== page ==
16. The only really good argument for military intervention of any kind, including the establishment of a no-fly-zone, would be U.N. Security Council authorization for collective security operations under Art. 42 of the Charter.

    Absent a U.N. Security Council resolution authorizing “all necessary means,” there are no good arguments. Even if the regime’s conduct escalates to that comprising wide scale crimes against humanity, humanitarian intervention as an exception to the general prohibition on the use of armed force against the political independence and territorial integrity of a state is not yet established. Some argue that it is an emerging norm of customary international law, but it is certainly not established yet, as the widespread response to the NATO strikes against Kosovo reflect. The development of R2P may assist in developing the principle, but it is simply not there yet. Of course, the worse the crimes against humanity or war crimes become, the more unlikely it would be that the Security Council could resist the pressure to authorize intervention.

    As for the suggestion that the U.S. or NATO could form some kind of alliance with the rebels and then rely on some notion of collective self-defense, that is entirely untenable. The customary international law with respect to intervention on the side of insurgents, or interfering with either side in the event that a true civil war with rights of belligerency recognized for both sides, is pretty clear (there is a legal distinction between insurgencies and civil wars in the jus ad bellum regime). The I.C.J. has repeatedly held, inNicaragua and in Congo v. Uganda most prominently, that intervention in support of insurgents constitutes an unlawful use of force against the state in which the insurgency is being mounted. In the event of a full-scale civil war, in which the belligerency of the rebel forces is recognized, then the laws of neutrality are triggered, and any interference is unlawful.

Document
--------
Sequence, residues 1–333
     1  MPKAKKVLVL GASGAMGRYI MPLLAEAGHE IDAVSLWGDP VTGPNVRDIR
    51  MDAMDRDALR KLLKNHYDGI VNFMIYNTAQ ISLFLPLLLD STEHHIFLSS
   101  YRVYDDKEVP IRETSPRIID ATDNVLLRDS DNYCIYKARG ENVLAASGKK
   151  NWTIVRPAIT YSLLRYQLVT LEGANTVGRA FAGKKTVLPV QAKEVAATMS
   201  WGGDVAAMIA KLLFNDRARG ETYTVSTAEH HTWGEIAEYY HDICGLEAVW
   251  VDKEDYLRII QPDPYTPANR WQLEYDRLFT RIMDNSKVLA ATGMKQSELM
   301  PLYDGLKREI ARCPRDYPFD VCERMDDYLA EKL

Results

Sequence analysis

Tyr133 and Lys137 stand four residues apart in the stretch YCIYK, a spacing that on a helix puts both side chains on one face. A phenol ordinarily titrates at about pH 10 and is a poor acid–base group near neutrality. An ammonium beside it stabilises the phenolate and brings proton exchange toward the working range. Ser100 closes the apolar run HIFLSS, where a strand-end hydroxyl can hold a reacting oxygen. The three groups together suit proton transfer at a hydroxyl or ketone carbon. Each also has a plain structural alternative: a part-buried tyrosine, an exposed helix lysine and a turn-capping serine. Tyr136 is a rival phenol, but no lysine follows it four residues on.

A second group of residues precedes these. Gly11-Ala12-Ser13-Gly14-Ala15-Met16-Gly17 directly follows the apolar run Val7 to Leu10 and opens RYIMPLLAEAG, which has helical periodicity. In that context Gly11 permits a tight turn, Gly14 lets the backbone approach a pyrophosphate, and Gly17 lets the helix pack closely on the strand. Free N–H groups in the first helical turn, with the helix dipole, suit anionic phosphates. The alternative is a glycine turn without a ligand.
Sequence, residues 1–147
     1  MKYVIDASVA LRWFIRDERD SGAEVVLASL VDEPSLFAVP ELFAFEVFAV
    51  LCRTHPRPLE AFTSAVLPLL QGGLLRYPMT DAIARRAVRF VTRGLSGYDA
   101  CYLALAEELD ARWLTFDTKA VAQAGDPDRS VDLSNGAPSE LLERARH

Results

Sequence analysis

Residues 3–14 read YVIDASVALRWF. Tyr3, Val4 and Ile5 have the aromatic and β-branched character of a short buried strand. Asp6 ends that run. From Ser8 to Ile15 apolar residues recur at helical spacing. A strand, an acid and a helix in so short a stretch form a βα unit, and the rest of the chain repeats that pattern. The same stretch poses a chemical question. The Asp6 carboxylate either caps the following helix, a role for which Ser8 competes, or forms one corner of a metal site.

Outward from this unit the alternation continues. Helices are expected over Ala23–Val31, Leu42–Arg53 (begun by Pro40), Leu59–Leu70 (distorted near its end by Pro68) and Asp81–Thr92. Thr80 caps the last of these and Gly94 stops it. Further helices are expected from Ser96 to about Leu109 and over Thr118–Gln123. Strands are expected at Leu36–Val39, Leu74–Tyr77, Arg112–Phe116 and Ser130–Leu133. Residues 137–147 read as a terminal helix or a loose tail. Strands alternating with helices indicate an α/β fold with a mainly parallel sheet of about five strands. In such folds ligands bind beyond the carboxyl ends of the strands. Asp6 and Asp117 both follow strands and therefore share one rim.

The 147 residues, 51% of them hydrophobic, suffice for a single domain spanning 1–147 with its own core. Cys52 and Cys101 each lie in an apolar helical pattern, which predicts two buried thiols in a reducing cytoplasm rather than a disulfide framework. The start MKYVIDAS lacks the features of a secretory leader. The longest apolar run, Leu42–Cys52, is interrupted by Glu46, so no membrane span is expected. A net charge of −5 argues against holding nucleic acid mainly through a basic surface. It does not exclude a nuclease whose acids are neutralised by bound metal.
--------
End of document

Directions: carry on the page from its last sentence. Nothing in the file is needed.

It is worth noting, given that a couple of people above reference Panama, that the U.S. did not in its legal justifications for Panama assert that it was intervening on behalf of the Estrada forces (and his “request” for assistance was highly dubious in any event). The formal legal justification, as in Grenada, was the defense of American nationals – a reason that is not generally accepted in international law as a basis for the exercise of self-defense or otherwise using armed force against a state. Most international law works on the subject suggest that both the Grenada and Panama invasions were unlawful uses of force (see for example Christine Grey,International Law and the Use of Force).

    I posted a brief article for a broader lay audience on the issue a couple of days ago on The Huffington Post [trying to include a link here keeps snagging the site spam filters]. I would suggest that unless there is a humanitarian crisis of fairly extreme proportions (in which case U.N. authority is more likely in any event), intervention without U.N. authority would be quite counter-productive in addition to being unlawful.